“After my experience at Wieden + Kennedy I knew I wanted to teach students how to build their portfolio because when I hired people, our recruiters spent very little time looking at people’s portfolios and interviewing them. You have to be extremely versatile. One time an employer asked me: “ Do you ever sleep?” I took that as a compliment. While in Shanghai I was never really able to get used to the Chinese lifestyle. I was still so in love with New York City that I decided I just had to go back. When I went back I had to start all over with getting a work visa, doing paperwork, blah, blah, blah. When I returned to NYC I started working for Razorfish (digital agency) but I didn’t really get used to it. Then I went to JWT (J. Walter Thompson) as a Design Director. I felt it still wasn’t a right fit, then one day I randomly ran into my old boss from RGA. We started talking and he offered me to come back since I wasn’t really happy with my current job. It wasn’t that I was sad about working at JWT, I just wasn’t completely satisfied with the work I was doing. So I decided to go back to RGA - and that’s where I am now.”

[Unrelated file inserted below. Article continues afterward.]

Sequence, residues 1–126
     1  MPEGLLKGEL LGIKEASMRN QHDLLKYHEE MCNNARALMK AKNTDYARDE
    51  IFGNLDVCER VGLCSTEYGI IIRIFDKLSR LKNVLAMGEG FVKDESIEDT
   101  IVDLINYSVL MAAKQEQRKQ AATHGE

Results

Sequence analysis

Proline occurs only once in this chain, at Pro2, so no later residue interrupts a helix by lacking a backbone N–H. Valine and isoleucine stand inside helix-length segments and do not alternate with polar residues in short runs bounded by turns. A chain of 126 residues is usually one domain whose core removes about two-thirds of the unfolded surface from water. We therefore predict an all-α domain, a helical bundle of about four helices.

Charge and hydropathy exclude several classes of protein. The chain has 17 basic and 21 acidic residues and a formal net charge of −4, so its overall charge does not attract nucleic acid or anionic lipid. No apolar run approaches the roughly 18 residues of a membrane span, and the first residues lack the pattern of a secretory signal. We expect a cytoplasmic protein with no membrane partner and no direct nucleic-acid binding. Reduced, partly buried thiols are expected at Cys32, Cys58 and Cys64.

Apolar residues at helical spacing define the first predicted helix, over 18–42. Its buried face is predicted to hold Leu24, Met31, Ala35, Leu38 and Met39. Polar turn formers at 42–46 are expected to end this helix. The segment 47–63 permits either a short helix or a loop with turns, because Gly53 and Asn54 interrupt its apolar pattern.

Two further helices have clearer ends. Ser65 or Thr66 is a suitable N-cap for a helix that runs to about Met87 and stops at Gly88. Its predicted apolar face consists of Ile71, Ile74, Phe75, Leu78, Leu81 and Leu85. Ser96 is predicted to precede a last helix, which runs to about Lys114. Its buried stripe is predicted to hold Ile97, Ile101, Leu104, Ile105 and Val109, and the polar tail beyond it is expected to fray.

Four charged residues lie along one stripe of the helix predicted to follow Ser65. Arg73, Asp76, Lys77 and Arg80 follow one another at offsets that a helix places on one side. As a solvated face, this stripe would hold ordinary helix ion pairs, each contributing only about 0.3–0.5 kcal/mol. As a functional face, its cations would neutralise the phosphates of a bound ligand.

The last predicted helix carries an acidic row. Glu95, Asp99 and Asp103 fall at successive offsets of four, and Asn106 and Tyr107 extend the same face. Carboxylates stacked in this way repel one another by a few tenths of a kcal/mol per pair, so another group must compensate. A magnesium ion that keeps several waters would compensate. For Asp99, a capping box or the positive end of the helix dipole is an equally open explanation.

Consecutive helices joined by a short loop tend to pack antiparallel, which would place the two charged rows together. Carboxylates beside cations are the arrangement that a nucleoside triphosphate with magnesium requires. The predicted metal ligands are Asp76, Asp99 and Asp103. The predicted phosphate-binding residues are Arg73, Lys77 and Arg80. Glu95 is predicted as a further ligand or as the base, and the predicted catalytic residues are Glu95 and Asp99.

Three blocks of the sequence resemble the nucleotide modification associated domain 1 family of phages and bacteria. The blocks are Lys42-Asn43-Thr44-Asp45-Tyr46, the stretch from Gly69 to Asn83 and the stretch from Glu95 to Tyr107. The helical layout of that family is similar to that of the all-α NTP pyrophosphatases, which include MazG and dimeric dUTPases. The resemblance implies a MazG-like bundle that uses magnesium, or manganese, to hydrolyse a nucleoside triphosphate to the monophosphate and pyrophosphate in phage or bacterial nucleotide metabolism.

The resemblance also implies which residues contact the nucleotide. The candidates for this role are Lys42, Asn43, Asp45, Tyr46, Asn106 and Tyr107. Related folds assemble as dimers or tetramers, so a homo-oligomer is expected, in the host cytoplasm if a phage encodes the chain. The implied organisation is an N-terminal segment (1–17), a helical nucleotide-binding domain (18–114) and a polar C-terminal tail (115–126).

My time spent talking with Chiu gave me a great idea of what it is like as a professional after graduating from Pratt, and she has some great projects that she has worked on. To learn more about what she has done, check out these links:


Some work from Pratt

The on-going doodles

Photo Blog

CH!U® Daily Journal

Written by: Christina Nahas 

December 16, 2014

Inside Track into Industry: Publishing